One down, two to go. This is one of my final projects for my interactive studio. I figured I'd go ahead and document it before I forgot about it. Plus, I just got back a 42x30" poster and it's perty.
So this graph is the updated version of its little cousin. I just changed the proportions of the graph so it would fit in a traditional poster size (and was therefore cheaper to print), let the highest bars display off the chart so it was easier to see the smaller number of mentions, and rewrote the code a tad so it would display the number of mentions and the war mentioned on the actual bar as well as printing the months at the bottom of the print. I also removed the random opacity. It added a nice texture but it didn't really add any information. Instead, I made all the bars slightly transparent so it was possible to see other wars underneath it. Here's a close-up.
Yay! One project down. Two more to complete.
Labels: api, data visualization, interactive, print, processing, programming, school workWednesday, April 29, 2009 // 0 Comments
For our Interaction Scripting Studio final project, I am focusing on my data visualizations of war, films, media and probably death counts (or maybe just make puppy viewer work dynamically).
So tons of websites with large amounts of data are making APIs available to developers for application development and visualization (Flickr, Twitter, NYTimes, pretty much any next gen website, etc). There are also sites that provide visualization tools for you and encourage experimentation. The NYTimes Viz Lab is one of them. They provide a set number of datasets and a number of tools (like Wordle) and let people go crazy. Google also provides tons of tools including their Google Visualization API. IBM's Many Eyes takes it a step further and allows users to add their own data sets.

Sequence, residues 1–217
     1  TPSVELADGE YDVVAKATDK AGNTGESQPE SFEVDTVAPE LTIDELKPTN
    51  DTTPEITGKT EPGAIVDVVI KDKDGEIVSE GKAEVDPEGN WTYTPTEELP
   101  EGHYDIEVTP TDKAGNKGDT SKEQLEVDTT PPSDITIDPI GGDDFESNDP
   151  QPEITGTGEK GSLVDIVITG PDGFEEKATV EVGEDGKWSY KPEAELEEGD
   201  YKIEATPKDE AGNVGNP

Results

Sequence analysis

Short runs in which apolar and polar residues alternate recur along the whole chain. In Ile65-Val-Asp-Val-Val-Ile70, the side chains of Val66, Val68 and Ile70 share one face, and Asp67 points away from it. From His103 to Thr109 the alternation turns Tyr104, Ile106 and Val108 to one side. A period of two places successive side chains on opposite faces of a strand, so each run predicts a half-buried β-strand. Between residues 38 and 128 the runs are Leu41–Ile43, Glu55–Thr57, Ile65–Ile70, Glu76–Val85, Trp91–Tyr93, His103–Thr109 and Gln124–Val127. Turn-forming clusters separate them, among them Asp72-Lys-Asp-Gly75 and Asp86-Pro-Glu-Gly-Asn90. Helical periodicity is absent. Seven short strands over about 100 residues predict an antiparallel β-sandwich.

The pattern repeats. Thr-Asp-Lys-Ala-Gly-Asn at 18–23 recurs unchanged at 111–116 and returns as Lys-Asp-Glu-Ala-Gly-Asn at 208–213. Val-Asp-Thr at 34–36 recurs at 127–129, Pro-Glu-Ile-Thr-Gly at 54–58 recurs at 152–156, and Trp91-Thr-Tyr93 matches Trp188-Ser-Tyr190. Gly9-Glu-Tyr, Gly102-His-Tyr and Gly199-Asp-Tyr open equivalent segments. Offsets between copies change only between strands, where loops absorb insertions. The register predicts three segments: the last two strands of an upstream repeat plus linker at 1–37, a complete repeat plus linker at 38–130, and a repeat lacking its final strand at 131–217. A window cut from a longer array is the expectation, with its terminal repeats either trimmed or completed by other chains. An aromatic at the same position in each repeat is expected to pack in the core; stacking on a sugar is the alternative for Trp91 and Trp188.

It's an exciting field and it makes my brain buzz. However, I found this article in SEED Magazine Getting Past the Pie Chart that talks about how, perhaps, the data viz explosion may not be making data any clearer. There is also a very real danger of making causal connections where none exist.
Still, data visualization done well can be a combination of design and science which becomes beautiful, meaningful and inspiring. I absolutely love it. Here is a screenshot of a project I'm working on. It's the further refinement of one of my original circle graphs. What I'd like to do is see if I can add some more stats to the graph without overloading it. In my head that means tilting the graph back to add a third dimension and perhaps including casualty data vertically from each war (and if I can find it, for each movie the films are about).
Labels: api, data visualization, graphs, interactive, processing, programming, school workSaturday, April 18, 2009 // 0 Comments
An assignment from my History of Media class:
Read 3 issues of a design magazine of your choice, cover to cover--including ads, articles, images. Analyze what the magazine is saying about "good design," design issues, and factors influencing design. Write up your analysis and summarize your key findings to present in class.
We were allowed to work in pairs and so my partner and I chose ReadyMade. We read the 2008 August/September, October/November and 2009 February/March issues of the magazine. One thing that struck us was the large number of things to buy in the magazine. Magazines–especially magazines targeted towards women–are often nothing but catalogs, listing page after page of an idealized world where entrance only requires the reader to consume, just a little, just this month, until the next issue comes along.